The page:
MACEDONIA, Ohio — The pandemic has forced many business owners to change the way that operate, including reinventing their business models altogether. For those in the food industry, the strain of the pandemic has been especially tough.
Claude Booker owns a business-to-business food service company that helps fill buffet lines for companies and organizations nationwide. You may not know the name, but there’s a chance you’ve eaten his products. It’s a business that doesn’t work well under current conditions.
“The first thing I had to understand is that the majority of what our company does is provide product for hot bars,” said Booker. “And nobody wants to eat at a hot bar during a pandemic. Buffets are obviously not favorable.”
Booker decided his best bet was to pivot his operations, finding a way to directly help customers who are prepping meals at home by packaging his southern-style recipes into easy to make meal kits that require little work. His new venture, Booker’s Soul Food Starters, was born.
“We created it where it speaks so much to our southern heritage that is African American focused culinary cuisine,” said Booker.
The seasoning mixes include all the essential ingredients for a dish – you simply provide some of the base items. There are mixes for macaroni and cheese, collard greens, candied yams, and peach cobbler.
While the company has only been active for a month, hundreds of orders have already been shipped. They’ve also contracted with a large grocer in New York and New Jersey to bring the product to shelves at more than 400 locations.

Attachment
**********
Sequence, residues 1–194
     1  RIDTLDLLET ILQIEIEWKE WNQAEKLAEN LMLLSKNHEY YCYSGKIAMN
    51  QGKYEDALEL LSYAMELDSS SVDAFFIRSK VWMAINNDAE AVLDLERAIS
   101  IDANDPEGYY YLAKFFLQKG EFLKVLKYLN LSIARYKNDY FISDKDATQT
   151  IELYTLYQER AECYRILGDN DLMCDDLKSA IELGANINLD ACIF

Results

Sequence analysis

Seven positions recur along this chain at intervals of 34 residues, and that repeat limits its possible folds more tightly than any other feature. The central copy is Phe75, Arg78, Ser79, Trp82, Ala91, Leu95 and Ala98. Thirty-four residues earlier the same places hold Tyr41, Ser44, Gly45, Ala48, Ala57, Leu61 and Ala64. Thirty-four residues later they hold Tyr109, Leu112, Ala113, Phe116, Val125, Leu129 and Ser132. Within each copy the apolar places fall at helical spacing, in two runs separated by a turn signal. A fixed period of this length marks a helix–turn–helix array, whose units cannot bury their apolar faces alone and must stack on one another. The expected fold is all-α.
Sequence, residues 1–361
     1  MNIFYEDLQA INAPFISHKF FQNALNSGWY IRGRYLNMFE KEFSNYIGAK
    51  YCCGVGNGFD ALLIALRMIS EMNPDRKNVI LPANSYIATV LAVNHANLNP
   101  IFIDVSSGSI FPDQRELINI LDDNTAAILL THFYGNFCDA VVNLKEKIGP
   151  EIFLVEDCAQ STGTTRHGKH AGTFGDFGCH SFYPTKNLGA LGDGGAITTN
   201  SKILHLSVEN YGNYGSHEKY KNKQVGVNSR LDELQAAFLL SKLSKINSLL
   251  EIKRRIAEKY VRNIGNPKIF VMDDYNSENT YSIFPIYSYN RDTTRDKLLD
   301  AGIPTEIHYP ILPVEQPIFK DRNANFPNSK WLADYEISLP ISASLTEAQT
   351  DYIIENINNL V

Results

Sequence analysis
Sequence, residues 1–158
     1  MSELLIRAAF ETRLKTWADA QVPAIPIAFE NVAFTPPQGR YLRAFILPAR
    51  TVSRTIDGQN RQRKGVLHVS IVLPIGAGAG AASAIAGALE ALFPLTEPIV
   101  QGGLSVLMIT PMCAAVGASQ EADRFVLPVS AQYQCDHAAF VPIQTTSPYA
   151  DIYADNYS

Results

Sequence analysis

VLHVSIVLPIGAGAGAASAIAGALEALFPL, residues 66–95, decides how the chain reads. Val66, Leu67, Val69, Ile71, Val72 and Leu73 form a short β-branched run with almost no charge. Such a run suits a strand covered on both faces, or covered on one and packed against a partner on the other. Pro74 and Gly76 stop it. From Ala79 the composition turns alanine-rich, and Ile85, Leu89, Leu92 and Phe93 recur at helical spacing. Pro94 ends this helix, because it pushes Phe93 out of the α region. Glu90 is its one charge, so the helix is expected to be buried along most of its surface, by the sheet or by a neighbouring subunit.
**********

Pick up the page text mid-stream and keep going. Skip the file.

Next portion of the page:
That’s another important part of the business for Booker who recognizes it’s rare to see African American brands located in the aisles of major grocers. His product line proudly features a younger version of himself during a time when black faces are being removed from products like Aunt Jemima Syrup and Uncle Ben’s Rice because of the stereotype that come with those brands.
“They negatively depicted African American,” said Booker candidly. “They cleaned up the images, but we still understand they were birthed out of degrading African Americans. So to be able to say I’m speaking proudly to African American cuisines and culture – and as a chef – I think it’s going to be a great thing for my legacy.”
He also makes it a point to contribute to organizations that support educating African Americans whether through a historically black college or non-profit organization.
“Not having any kids, I feel like I get to be a part of every kids life even when I’m gone with the products success,” said Booker.
Even though Soul Food Starters began during a pandemic, Booker plans for them to be around long after it ends – promoting American values of family, community, education, and equality along the way. So if you’re up for some southern side dishes this holiday season, give Soul Food Starters a try – cooked safely in your own home.
“Keep it easy, stay safe, and stay in your bubble,” said Booker. “We’ve got you covered.”